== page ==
The tax plan outlined by the White House the other day makes the basic assumption that with high growth, tax revenues will grow to pay for everything. What is not said is that without significant growth, the hole we are in now will simply get deeper.

Right now the Federal deficit is almost $20T. That’s a staggering amount. Pretty soon, the annual cost to service that debt will be $1T per year. That money has to come from tax revenues, which means you and I. Are you prepared to pay your share when the top 1% get more tax breaks?

I’m far from a pacifist, but do we really need to keep paying more annually for our military than the next seven nation’s combined spending? Yes, some of that spending filters back into the economy and functions as a stimulus, but the Administration wants to spend more than we do now.

May 28, 2017 Lorenzo Fioramonti

Growth is dying as the silver bullet for success. Why this may be good thing

The idea that the economic “pie” can grow indefinitely is alluring. It means everybody can have a share without limiting anybody’s greed. Rampant inequality thus becomes socially acceptable because we hope the growth of the economy will eventually make everybody better off.

In my new book “Wellbeing Economy: Success in a World Without Growth” I point out that the “growth first” rule has dominated the world since the early 20th century. No other ideology has ever been so powerful: the obsession with growth even cut through both capitalist and socialist societies.

But what exactly is growth? Strangely enough, the notion has never been reasonably developed.

For common sense people, there is growth when – all things being equal – our overall wealth increases. Growth happens when we generate value that wasn’t there before: for instance, through the education of children, the improvement of our health or the preparation of food. A more educated, healthy and well-nourished person is certainly an example of growth.

If any of these activities generate some costs, either for us individually or for society, we should deduct them from the value we have created. In this logical approach, growth equals all gains minus all costs.

Paradoxically, our model of economic growth does exactly the opposite of what common sense suggests.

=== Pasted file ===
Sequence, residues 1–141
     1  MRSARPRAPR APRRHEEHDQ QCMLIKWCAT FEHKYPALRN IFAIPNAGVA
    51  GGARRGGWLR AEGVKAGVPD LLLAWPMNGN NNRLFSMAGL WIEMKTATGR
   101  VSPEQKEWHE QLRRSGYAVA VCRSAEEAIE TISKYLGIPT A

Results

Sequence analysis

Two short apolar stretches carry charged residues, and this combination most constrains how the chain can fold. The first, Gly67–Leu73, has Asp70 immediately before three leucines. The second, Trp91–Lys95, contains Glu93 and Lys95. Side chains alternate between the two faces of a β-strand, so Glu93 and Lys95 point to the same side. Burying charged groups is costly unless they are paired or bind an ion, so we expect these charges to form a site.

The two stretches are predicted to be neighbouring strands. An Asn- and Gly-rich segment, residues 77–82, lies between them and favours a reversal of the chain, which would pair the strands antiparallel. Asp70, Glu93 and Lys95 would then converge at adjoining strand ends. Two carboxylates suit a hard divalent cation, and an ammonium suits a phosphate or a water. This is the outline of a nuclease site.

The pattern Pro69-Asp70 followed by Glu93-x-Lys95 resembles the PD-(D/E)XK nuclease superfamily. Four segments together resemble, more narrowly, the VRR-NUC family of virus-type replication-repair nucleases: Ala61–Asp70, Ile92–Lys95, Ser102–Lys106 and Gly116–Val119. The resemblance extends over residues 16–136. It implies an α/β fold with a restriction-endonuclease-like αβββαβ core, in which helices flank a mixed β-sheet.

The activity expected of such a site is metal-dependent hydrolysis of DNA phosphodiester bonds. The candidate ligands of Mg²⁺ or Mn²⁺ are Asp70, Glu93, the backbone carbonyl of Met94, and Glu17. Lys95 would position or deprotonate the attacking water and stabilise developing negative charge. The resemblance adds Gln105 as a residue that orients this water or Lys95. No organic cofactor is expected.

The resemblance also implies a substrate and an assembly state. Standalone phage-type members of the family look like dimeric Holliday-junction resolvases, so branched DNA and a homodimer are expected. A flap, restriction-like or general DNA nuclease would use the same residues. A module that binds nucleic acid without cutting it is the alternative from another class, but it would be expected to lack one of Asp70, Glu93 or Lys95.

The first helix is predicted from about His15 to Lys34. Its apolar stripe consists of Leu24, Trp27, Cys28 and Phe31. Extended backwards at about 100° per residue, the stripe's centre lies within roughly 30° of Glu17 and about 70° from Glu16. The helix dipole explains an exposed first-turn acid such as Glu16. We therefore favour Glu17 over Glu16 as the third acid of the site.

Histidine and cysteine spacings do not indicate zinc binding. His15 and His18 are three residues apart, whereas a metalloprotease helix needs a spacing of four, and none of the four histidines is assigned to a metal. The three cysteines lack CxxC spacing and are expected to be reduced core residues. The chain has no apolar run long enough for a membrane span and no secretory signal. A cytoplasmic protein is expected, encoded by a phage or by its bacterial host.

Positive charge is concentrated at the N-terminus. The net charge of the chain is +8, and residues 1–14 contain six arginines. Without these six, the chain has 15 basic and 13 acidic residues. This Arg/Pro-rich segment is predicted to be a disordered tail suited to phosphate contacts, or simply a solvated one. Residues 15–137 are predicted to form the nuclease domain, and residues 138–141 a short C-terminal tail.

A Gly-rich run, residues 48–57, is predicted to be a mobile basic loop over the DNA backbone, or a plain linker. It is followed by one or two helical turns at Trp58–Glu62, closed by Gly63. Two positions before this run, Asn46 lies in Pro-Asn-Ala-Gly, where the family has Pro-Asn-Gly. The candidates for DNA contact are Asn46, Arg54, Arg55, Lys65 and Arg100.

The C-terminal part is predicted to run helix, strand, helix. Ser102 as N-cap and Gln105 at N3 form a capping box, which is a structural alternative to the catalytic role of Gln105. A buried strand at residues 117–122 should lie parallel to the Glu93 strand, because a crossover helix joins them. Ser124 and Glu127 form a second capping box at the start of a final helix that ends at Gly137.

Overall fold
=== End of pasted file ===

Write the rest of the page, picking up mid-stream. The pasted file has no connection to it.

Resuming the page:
Negative values of growth

Here are some examples. If I sell my kidney for some cash, then the economy grows. But if I educate my kids, prepare and cook food for my community, improve the health conditions of my people, growth doesn’t happen.

If a country cuts and sells all its trees, it gets a boost in GDP. But nothing happens if it nurtures them.

If a country preserves open spaces like parks and nature reserves for the benefit of everybody, it does not see this increase in human and ecological wellbeing reflected in its economic performance. But if it privatises them, commercialising the resources therein and charging fees to users, then growth happens.

Preserving our infrastructure, making it durable, long-term and free adds nothing or only marginally to growth. Destroying it, rebuilding it and making people pay for using it gives the growth economy a bump forward.

Keeping people healthy has no value. Making them sick does. An effective and preventative public healthcare approach is suboptimal for growth: it’s better to have a highly unequal and dysfunctional system like in the US, which accounts for almost 20% of the country’s GDP.

Wars, conflicts, crime and corruption are friends of growth in so far as they force societies to build and buy weapons, to install security locks and to push up the prices of what government pays for tenders.